• Relaxing overly strict licensing requirements to allow experimentation with innovations in health care like retail clinics and internet pharmacies.

• Legalizing medical marijuana so that patients with chronic, intractable pain have access to a full range of pain management options.

• Examining the precarious financial situation of Delaware’s hospitals in order to develop strategies to keep them solvent in a fiscally responsible manner.


Comments welcome.

And no, I'm not running for any office.

Update: I forgot to include that I favor an immediate moratorium on executions in the State of Delaware and the eventual repeal of the death penalty.

8 comments:

Brian Shields said...

My idea for the SEED program was to convert it to a student loan that was repayable with a maintenance-only non-profit interest rate. Having an option to defer your state tax refund to the balance was also an idea.

Would open source programs open us up to hacker attacks? You have to remember the fear factor in these old people.

A "Deficit Reduction Priorities List," nice. I really like the idea of prioritizing state funding. Every division seems to think they have top priority and it would smack them back into reality. That would also give legislators something to play around with and politic. It has the potential to be controversial, but in a good, conversational-in-the-home way.

An all around very good list. if i didn't comment it was because I couldn't add anything to it and agreed.

Joe M said...

I have to say, this all sounds pretty damn good, Steve. I have one question though...

Could you explain
"• Passing “Plain English” legislation that allows citizens and small business owners to challenge overly complicated bureaucratic regulations."

I'm not trying to play "gotcha" or anything, I honestly don't understand what you mean.

As to Brian's comment about open source, the short answer is No. While open source programs can have the same vulnerabilites as, say, MS Office, the hacking community at large bypasses those holes to concentrate their attacks on commercial products.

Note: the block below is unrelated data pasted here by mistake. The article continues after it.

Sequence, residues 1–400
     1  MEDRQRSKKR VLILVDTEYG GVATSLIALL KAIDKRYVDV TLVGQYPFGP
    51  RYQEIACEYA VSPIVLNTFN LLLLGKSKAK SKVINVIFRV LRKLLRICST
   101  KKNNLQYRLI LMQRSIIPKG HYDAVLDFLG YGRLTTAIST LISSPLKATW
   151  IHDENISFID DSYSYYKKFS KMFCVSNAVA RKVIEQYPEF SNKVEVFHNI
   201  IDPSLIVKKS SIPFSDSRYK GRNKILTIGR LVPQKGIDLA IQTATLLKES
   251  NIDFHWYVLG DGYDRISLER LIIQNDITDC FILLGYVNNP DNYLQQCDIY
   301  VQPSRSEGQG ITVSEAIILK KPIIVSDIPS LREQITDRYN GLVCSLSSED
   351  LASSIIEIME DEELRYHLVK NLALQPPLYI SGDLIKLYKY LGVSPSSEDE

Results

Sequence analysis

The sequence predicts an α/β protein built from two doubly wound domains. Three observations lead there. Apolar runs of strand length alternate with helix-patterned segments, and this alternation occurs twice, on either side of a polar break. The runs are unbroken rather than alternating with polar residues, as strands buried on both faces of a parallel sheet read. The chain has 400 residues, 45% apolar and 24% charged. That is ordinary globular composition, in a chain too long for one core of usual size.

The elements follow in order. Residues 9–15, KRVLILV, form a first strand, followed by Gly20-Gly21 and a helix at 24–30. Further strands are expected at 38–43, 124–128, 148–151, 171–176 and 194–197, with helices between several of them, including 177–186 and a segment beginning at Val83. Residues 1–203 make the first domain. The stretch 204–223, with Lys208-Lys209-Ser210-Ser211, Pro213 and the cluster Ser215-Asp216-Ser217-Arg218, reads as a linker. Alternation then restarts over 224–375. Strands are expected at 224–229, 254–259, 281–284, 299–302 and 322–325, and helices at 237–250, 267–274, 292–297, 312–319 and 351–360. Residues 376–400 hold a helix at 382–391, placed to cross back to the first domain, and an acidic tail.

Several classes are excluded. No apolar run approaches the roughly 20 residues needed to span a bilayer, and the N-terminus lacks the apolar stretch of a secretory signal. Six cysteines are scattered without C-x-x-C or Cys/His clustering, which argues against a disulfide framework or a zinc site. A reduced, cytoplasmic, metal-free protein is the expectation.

The open source community is also by and large much quicker in closing any holes in their code.

The big issue with open source is compatibilities with the commercial programs, and moving users to unfamiliar and less feature-rich software.

Steve Newton said...

Joe
This is a concept that's been batting around for a few decades, that sets a standard that legislation and particularly regulation have to be written in non-jargon and be correctly interpreted by a layman.

There would be obvious exceptions for highly technical items (say % emission standards) but that tax laws or business regs must be written in English that anybody with a basic high school reading proficiency could interpret.

The US tax code, for example, has been rated out a number of times as being too complex for college undergraduates to read...

Duffy said...

• Establishing Transparency Rules that require our legislators to reveal when they, their family members, or their businesses and employers stand to benefit from the votes they cast

How about transparency in committee meetings? Making all meetings open to the public with minutes recorded and posted on Delaware.gov. Reasonable exceptions available.